Closely tied to the Silverlight Pivot Viewer I discussed in my previous blog post, is Microsoft's Deep Zoom technology. Deep Zoom enables users to pan and zoom around a high resolution image, or in the case of how we use it for the Appleton Compassion Project Virtual Exhibit, navigate a large collection of images.

Deep Zoom accomplishes this by using a process similar to Google/Bing maps. There are layers to the image, so one layer can show the entire collection with very small sizes for the images. The images are also broken up into tiles, so as you go to higher resolution images, it may be broken up into several tiles so you do not have to load the entire image. As you zoom closer into the document, you are navigating to layers that are deeper and deeper in the collection, with increasing image resolution and will be loading a tile that is a subset of the image. Microsoft has a nice picture of this and an accompanying description at their MSDN site.

Deep Zoom consists of several XML based files. The first is the Deep Zoom image (DZI). This file is essentially an XML file that contains the layers and tile information for a given image. The Deep Zoom image creation process creates a directory for each image, this directory will then have the layers, and images that are broken into tiles. For example, in testing that we did, a single image taken with a home digital camera that is 4 MB in size, was broken up into 12 sub folders, each containing tiled images. One image created 12 directories and 238 files. For the Appleton Compassion Project, the collection of 10,000+ art pieces has created nearly one million files!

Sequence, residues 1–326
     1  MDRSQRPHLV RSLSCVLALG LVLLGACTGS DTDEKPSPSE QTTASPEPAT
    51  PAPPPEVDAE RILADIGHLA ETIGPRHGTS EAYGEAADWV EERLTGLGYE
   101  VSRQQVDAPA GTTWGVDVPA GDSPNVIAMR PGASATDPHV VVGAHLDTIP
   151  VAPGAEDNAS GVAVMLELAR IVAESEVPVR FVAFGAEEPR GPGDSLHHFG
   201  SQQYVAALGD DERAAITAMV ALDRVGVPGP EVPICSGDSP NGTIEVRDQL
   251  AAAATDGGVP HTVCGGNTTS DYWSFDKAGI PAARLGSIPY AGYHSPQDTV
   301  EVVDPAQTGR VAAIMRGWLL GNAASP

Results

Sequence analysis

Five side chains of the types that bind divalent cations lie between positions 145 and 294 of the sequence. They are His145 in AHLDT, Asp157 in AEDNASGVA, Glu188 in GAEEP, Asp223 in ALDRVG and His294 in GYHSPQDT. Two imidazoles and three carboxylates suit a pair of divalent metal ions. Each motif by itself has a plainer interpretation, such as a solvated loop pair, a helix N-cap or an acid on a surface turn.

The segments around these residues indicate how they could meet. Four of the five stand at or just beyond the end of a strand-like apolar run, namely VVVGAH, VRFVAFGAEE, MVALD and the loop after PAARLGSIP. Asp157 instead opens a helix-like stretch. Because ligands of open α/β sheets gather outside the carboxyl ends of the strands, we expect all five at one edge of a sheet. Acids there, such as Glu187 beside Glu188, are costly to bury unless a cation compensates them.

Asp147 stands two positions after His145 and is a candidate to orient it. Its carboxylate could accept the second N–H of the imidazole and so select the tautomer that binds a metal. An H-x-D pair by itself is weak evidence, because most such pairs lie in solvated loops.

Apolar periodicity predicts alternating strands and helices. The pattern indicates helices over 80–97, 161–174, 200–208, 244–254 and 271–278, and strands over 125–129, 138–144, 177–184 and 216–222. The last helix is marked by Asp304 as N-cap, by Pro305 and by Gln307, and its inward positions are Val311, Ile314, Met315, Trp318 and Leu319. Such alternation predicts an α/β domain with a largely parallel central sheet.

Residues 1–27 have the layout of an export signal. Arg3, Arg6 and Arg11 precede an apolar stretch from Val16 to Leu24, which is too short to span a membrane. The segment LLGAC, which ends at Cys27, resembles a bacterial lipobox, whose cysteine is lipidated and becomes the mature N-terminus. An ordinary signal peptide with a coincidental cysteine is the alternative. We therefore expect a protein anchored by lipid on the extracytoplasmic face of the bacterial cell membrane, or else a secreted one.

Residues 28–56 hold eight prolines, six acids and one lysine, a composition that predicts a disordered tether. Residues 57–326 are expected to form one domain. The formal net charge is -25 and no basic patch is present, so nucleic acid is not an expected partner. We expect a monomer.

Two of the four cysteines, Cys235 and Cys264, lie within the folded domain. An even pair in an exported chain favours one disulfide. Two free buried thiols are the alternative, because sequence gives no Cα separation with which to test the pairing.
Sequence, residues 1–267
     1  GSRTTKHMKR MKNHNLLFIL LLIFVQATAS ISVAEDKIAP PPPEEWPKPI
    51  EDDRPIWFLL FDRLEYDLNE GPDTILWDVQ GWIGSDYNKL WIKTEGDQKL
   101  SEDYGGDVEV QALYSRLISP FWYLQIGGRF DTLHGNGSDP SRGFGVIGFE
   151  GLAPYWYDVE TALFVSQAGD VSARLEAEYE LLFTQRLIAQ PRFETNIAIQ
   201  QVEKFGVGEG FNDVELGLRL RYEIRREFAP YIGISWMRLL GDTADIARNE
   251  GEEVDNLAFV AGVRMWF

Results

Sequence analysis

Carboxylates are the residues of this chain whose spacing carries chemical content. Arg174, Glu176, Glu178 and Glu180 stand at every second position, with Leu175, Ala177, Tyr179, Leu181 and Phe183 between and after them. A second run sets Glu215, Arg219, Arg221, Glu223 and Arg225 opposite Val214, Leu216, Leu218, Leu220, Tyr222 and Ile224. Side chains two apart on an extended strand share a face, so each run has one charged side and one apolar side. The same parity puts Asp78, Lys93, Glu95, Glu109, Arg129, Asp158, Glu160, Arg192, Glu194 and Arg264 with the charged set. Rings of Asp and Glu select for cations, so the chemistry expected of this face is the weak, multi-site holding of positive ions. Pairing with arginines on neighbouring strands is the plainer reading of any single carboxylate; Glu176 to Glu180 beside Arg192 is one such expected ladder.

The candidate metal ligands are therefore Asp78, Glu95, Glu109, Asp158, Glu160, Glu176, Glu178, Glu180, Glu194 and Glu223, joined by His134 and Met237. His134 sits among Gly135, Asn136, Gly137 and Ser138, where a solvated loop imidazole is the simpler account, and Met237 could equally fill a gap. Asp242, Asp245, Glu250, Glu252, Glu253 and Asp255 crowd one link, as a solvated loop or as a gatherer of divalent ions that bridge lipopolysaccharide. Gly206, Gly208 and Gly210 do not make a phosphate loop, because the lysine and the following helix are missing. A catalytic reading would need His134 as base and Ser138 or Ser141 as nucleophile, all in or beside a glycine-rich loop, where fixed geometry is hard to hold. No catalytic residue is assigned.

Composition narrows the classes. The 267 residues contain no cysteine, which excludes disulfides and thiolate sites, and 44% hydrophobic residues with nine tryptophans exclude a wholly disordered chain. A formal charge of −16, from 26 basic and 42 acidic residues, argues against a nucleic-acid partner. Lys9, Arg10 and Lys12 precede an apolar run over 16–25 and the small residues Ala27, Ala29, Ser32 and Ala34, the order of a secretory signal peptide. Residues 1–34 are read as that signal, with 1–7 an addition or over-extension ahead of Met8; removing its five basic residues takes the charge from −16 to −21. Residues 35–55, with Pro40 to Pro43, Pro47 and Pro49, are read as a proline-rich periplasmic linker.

The second deep zoom file type is the Deep Zoom Collection (DZC). This file essentially is the high level collection that points to the DZI files. The Silverlight Pivot viewer then references this DZC file for the zooming process.

There are two ways to create Deep Zoom files. The first is to use the Deep Zoom composer that is part of Expression Blend. This process, outlined in the link above, is manual which obviously won't work for 10,000 images. The interesting thing is Microsoft really doesn't have an SDK or install for creating the Deep Zoom files. You need to physical copy a DLL from the Deep Zoom Composer directory and make it part of your application, outlined here.

Why Use it? Deep Zoom allows for a interactive zoom and pan user experience.

I want to learn more! MSDN Deep Zoom site .aspx)

Blog post on programmatically creating Deep Zoom


Jaime Rodrigues goes deep on Deep Zoom